Overall, your prime-checking loop is much more complicated than it needs to be. Assuming you only care about values of a greater than or equal to 2:

bool primetest(int a)
{
    int b = sqrt(a); // only need to test up to the square root of the input

    for (int i = 2; i <= b; i++)
    {
        if (a % i == 0)
           return false;
   }

   // if the loop completed, a is prime
   return true;
}

If you want to handle all int values, you can just add an if (a < 2) return false; at the beginning.

share|improve this answer

Your logic is incorrect. You are using this expression (i == a -1)) which can never be true as Carl said.

For example:-

 If a = 11

 b = a/2 = 5  (Fractional part truncated)

So you are running loop till i<5. So i can never be equal to a-1 as max value of i in this case will be 4 and value of a-1 will be 10

share|improve this answer

You can do this by just checking till square root. But below is some modification to your code to make it work.

#include <iostream>
using namespace std;
bool primetest(int a) {
int i;
//Halve the user input to find where to stop dividing to (it will remove decimal point as it is an integer)
int b = a / 2;
//Loop through, for each division to test if it has a factor (it starts at 2, as 1 will always divide)
for (i = 2; i <= b; i++) {
 //If  the user input has no remainder then it cannot be a prime and the loop can stop (break)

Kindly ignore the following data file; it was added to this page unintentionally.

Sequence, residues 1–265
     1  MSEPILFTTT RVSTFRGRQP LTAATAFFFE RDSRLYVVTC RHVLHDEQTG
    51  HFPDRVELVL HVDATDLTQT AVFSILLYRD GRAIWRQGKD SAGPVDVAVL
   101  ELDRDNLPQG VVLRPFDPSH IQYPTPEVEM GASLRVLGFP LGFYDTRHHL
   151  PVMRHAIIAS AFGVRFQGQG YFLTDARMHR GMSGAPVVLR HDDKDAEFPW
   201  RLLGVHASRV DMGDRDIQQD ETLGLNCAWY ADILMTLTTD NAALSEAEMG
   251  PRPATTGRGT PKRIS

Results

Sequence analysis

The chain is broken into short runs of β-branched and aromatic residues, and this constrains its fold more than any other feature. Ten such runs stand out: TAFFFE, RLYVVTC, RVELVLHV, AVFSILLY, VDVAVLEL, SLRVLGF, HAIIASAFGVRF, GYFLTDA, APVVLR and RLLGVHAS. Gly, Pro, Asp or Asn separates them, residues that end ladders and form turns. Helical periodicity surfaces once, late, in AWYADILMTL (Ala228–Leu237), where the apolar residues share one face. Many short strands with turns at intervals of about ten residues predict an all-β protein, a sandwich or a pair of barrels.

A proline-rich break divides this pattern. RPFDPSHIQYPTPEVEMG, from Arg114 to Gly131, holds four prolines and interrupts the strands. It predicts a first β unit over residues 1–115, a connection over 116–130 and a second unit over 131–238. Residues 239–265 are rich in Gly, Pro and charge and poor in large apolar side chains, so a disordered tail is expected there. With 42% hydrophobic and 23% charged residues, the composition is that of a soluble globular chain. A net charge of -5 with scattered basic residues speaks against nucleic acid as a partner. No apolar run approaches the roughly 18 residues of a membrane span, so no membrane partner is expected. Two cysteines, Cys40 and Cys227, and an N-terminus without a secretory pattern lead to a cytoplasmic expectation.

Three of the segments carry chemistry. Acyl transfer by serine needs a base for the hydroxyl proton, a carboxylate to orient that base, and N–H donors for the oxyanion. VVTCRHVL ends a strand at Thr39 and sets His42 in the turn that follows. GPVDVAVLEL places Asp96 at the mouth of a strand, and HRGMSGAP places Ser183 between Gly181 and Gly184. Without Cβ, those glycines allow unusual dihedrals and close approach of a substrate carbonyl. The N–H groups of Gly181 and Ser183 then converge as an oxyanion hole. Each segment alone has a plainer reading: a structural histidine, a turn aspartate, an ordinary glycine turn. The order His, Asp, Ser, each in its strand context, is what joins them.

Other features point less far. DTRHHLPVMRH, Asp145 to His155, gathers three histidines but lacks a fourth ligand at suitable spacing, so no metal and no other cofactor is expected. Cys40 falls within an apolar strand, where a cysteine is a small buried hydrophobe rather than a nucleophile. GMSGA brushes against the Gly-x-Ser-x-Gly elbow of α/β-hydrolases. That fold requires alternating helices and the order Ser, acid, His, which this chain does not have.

if (a % i == 0) {
       return(0);

 }
}
//this return invokes only when it doesn't has factor
return 1;   
}

int main(void) {
  int user;
  cout << "Enter a number to test if it is a prime or not: ";
  cin >> user;
  if (primetest(user)) {
               cout << user << " is a prime number.";
  }
  else  {
     cout << user<< " is not a prime number.";
  }

return 0;

}

share|improve this answer

check this out:

//Prime Numbers generation in C++
//Using for loops and conditional structures
#include <iostream>
using namespace std;

int main()
{
int a = 2;       //start from 2
long long int b = 1000;     //ends at 1000

for (int i = a; i <= b; i++)
{

 for (int j = 2; j <= i; j++)
 {
    if (!(i%j)&&(i!=j))    //Condition for not prime
        {
            break;
        }

    if (j==i)             //condition for Prime Numbers
        {
              cout << i << endl;

        }
 }
}
}
share|improve this answer
main()
{
    int i,j,x,box;
    for (i=10;i<=99;i++)
    {
        box=0;
        x=i/2;
        for (j=2;j<=x;j++)
            if (i%j==0) box++;
        if (box==0) cout<<i<<" is a prime number";
        else cout<<i<<" is a composite number";
        cout<<"\n";
        getch();
    }
}
share|improve this answer

Here is the complete solution for the Finding Prime numbers till any user entered number.

#include <iostream.h>
#include <conio.h>
using namespace std;

main() 
{
 int num, i, countFactors;
 int a;
 cout << "Enter number " << endl;
 cin >> a;

 for (num = 1; num <= a; num++)
 {
  countFactors = 0;
  for (i = 2; i <= num; i++)
  {
   //if a factor exists from 2 up to the number, count Factors
   if (num % i == 0)
   {
    countFactors++;    
   }
  }

  //a prime number has only itself as a factor
  if (countFactors == 1)
  {
   cout << num << ", ";
  }
 }

 getch();
}
share|improve this answer